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by Vanessa Ganguin

Poll tracking British attitudes to immigration reveals increasing public appreciation

11 October 2022

A UK Government divided over populist v pragmatic immigration measures might want to dwell on the trends in British public opinion published today.

The Ipsos UK / British Future tracker has polled the British public on their attitude to immigration since the year before the Brexit referendum.

Public support for reducing UK immigration has hit its lowest level since the tracker survey began in 2015. While 42% want immigration reduced, more prefer it not to be reduced – either staying at current levels (26%) or increasing (24%). This is more in line with current thinking in the Government as opposed to the Home Secretary Suella Braverman that has been giving recent interviews undermining their pragmatic approach to work visas by suggesting that the Conservative pledge to reduce net migration to tens of thousands should be revived – a target abandoned by Boris Johnson after nearly a decade of Conservative governments failed to meet it.

Over half the public would appreciate more overseas doctors and nurses; 44% more care workers and 45% want more farm labour from overseas. Fewer than one in five support reducing work visas for any of these shortage key roles, many of whom the British public applauded on their doorsteps during the worst of the Covid pandemic.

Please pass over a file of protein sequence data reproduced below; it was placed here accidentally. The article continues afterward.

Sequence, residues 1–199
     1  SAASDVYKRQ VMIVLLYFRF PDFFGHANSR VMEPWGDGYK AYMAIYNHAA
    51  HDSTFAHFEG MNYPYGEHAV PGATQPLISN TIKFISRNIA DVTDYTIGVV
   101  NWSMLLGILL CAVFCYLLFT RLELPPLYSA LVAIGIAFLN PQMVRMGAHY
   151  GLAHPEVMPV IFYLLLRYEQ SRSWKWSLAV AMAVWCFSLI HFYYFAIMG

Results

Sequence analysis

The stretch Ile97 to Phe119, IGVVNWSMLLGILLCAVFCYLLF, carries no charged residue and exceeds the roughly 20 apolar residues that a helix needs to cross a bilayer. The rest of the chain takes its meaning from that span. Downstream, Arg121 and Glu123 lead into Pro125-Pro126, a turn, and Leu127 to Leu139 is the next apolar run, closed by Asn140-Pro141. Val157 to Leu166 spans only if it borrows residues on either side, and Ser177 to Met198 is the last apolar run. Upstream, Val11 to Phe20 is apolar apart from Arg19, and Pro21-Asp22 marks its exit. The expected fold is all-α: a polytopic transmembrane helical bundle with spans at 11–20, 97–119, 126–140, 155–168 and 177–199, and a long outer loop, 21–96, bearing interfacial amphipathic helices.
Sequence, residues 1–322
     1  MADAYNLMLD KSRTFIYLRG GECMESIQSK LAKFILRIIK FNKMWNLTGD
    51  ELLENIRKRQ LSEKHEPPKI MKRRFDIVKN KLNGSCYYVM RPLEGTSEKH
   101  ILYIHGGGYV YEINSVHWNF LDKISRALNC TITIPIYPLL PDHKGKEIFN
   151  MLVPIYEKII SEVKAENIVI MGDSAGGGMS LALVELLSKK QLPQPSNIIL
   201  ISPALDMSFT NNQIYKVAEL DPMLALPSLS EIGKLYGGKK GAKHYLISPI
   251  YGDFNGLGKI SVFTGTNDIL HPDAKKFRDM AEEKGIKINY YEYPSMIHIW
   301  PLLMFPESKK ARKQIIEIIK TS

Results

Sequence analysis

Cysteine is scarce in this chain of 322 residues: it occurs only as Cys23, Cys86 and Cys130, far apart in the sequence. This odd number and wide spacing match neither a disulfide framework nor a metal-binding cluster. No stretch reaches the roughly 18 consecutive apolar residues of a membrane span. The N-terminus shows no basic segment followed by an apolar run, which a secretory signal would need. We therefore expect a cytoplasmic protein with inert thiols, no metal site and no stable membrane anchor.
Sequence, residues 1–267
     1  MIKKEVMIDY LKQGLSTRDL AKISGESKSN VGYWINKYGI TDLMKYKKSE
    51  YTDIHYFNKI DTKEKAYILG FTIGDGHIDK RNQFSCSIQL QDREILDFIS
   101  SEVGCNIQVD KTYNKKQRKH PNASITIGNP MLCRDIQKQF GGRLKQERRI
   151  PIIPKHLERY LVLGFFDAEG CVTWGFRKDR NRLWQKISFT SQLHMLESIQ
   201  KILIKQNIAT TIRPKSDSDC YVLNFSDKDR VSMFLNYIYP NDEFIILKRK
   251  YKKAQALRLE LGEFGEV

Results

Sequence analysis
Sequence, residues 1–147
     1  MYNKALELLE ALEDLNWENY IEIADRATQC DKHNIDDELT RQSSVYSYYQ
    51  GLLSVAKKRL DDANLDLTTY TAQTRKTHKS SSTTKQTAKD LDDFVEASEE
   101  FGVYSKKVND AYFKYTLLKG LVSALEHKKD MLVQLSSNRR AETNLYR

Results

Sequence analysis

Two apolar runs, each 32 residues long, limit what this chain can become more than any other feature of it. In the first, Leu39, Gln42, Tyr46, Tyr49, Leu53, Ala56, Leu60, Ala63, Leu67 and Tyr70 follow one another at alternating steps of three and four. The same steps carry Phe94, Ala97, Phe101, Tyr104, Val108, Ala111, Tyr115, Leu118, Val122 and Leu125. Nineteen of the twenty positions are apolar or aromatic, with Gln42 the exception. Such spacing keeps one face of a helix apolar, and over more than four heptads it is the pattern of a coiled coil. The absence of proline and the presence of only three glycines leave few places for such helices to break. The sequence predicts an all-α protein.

Home Secretary Suella Braverman says she wants to discourage foreign students despite a government target to grow education exports to £35 billion by 2030. However most Brits wouldn’t agree with her about reducing student visas. Only 21% want fewer international students. 42% are happy with current numbers, 25% happy for them to increase. Indeed only 29% of Conservative supporters support reducing student visas.

UK immigration (c) British Future
(c) British Future /Ipsos

Public attitudes have largely corresponded to the amount of media focus and its tone. Since the hysteria of the run-up to the EU referendum, the trend has been for more people to believe that immigration has had a positive effect on Britain (46% now) than a negative effect (now 29%). Though perhaps with immigration still all too often framed as a problem by some politicians and media outlets, it’s not surprising that only 10% of those polled were aware that the general public’s views on immigration have shifted to become more positive. 54% actually believe that people have become more negative about immigration.

The polling found the public very divided over the Government’s scheme to send refugees to Rwanda. Interestingly, most of the public – 52% of those polled, including 43% of Conservative supporters, do not think the Rwanda scheme is likely to succeed in reducing the number of people coming to the UK to seek asylum without permission. Only 25% and a minority of Conservative supporters too (38%) think the Rwanda scheme offers value for money.

You can read the full British Futures / Ipsos study here.